Tuesday, September 12, 2006

Rwandan Sunday

600 The Catholic Cathedral helpfully rings its bell at 6am or thereabouts each day, so we don’t need an alarm. This morning it is supplemented by Archdeacon Azariah starting his motorcycle and by the cockerel next door. The dawn chorus is unusually muted today, or perhaps we just can’t hear it above the racket!
645 Breakfast time on the veranda. This is lemon season and the main problem is stopping more bushes and trees from sprouting everywhere. We already have far more then we can use. It’s toast with lemon marmalade, Rwandan coffee and water with lemon in it to wash down the doxycycline. We’re having a morning without bananas, which are nearly a staple diet.
745 We are trying to get away when my colleague Emmanuel shows up to introduce himself. It’s always important to spend some time chatting in these situations, even if it makes you 10 minutes late.
810 We meet up with David (my predecessor, who is doing a hand-over) and “the Toms”, 2 students who are visiting him, plus Mattias, who usually helps David to do his shopping in the market, but is our translator for the day. We have a nervous time when our Toyota LandCruiser fails to start and then we have to push it out of the wet grass after an unsuccessful bump-start, but finally we are on our way.
The journey takes 2 hours, 1 on the main road (slow because of pot-holes, steep hills and a police check), followed by an hour downhill through the forest (very slow because it’s a basic track with sharp corners, water erosion and steep drops at each side). I think abut our 2 minute walk to church in Scotland.
1040 We arrive unannounced at the church at Banda. There is no electricity here and no phone signal, so advance warning was difficult. We are warmly welcomed, despite interrupting the proceedings and introducing the need for interpretation. There are about 300 people packed in, lots of singing (2 visiting choirs) and a lot of announcements and welcoming. It’s literally a “church without walls”, as many of the bricks have been removed for use in the larger new building which is half-finished and just alongside.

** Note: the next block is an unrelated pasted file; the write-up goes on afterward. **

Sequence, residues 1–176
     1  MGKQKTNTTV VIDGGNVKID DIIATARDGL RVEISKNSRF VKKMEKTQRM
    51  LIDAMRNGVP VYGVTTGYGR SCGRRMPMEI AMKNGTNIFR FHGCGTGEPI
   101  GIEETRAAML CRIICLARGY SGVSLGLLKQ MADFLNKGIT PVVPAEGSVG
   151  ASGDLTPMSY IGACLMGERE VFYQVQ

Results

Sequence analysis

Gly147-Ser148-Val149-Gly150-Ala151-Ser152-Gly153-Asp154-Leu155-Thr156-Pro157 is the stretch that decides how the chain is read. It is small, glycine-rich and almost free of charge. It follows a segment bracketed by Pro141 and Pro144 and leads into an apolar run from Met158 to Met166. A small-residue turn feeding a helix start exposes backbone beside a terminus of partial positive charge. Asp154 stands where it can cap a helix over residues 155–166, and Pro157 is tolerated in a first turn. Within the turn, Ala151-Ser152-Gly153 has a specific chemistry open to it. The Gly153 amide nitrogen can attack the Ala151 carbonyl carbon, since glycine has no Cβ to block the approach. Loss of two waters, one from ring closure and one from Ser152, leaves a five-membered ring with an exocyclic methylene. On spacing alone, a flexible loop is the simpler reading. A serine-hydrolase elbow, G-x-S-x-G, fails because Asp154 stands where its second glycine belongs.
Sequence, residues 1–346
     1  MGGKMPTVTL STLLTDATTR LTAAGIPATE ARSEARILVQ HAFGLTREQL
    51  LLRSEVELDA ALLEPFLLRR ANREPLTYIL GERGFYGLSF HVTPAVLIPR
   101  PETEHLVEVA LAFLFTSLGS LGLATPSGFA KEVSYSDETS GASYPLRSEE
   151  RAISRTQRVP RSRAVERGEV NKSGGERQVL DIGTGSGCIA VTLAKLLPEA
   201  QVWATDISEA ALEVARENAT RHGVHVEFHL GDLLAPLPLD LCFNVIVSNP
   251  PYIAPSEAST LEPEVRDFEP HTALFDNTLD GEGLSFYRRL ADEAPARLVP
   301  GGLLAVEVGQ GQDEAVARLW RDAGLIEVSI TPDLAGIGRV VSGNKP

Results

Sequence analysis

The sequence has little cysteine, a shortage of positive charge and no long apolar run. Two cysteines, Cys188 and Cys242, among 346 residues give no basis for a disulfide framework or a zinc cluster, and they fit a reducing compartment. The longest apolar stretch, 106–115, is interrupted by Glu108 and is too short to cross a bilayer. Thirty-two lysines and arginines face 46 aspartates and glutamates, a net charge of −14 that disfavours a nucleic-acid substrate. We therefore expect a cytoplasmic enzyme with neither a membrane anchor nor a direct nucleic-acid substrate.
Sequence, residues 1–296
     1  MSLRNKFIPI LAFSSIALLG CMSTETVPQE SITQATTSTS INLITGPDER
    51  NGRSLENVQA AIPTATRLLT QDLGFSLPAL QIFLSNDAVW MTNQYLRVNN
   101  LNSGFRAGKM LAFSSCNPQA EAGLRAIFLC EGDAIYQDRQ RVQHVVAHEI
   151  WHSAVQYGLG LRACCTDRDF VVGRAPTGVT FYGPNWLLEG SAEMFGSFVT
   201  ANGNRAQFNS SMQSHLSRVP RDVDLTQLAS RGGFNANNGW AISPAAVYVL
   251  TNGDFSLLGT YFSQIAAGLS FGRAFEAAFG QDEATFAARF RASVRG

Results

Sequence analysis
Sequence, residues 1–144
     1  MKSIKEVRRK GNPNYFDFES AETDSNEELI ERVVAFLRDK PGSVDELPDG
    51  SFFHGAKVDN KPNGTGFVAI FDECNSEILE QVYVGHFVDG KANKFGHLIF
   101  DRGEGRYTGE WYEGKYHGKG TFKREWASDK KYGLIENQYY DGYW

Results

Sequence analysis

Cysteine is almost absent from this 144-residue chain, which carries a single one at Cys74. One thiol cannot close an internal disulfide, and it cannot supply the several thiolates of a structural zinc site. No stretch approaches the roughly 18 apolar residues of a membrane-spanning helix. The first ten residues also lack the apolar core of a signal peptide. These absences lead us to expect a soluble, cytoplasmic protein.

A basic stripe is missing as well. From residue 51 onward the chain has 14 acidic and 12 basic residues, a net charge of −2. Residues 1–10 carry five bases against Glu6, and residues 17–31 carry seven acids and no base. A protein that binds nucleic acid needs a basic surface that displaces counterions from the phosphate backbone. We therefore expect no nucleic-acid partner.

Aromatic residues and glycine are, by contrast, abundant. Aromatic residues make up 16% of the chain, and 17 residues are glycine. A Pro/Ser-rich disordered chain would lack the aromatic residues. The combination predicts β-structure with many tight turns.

1300 We are taken to Martin, the pastor’s, house where despite our protests we are fed on huge bowls of rice, chips, beans and some small bitter green aubergines. How did they do that? It feels rather biblical, as a young woman (who tells us she is still in p6) brings round a basin of water for us to wash our hands before we eat. Conversation over lunch is about people on the diocesan welfare programme, which I will be administering and about farming methods. We are shown a new variety of maize which Martin is introducing and meet his family’s pig. Pigs are easy to keep, breed quickly and sell easily.
1400 We spend the next 2 hours walking around the district and meeting people who have benefited from the welfare programme : a young epileptic girl, Aloe Vera, who has a pig; Gaspar who has a new house under construction and Andre who got a plot of land a couple of weeks ago and has managed to dig it all over in that short space of time. Even by Rwandan standards, Banda has a beautiful setting, in a valley surrounded by hills on every side. This also makes it very hot in the afternoon – the sun is fierce.
For the children, we are the afternoon’s entertainment and we end up with a troop of about 40, all very poorly dressed and a few holding hands with various members of our party. Spending money on children’s clothes seems to be a very low priority – they are certainly much worse dressed than the adults, although this is a community of subsistence farmers and the living standards are very basic.
1600 Eventually, we take our leave with the threat of darkness approaching in 2 hours. We end up with 4 extra passengers : Martin and daughter plus 2 young men who work as guides in Nyungwe Forest. We come across a family of baboons on the road as we head back through the forest. There are a lot of primates in the forest, which is absolutely impenetrable apart from paths.
1900 We arrive home 3 hours later than originally estimated and it’s hard to work out where the time has gone exactly. We don’t have to eat much after our unexpectedly large lunch, but Sheena is being very creative with the cooking and we have pancakes (with lemon, of course!).
2000 A couple of phone calls back to Scotland, we manage to get Skype working here for the first time and then we settle down to our escapist treat – watching a “West Wing” DVD. We have the whole first 2 series (thanks, Crawford & Fiona!) and we are already hooked. Bedtime is 2200, it has been a long day.

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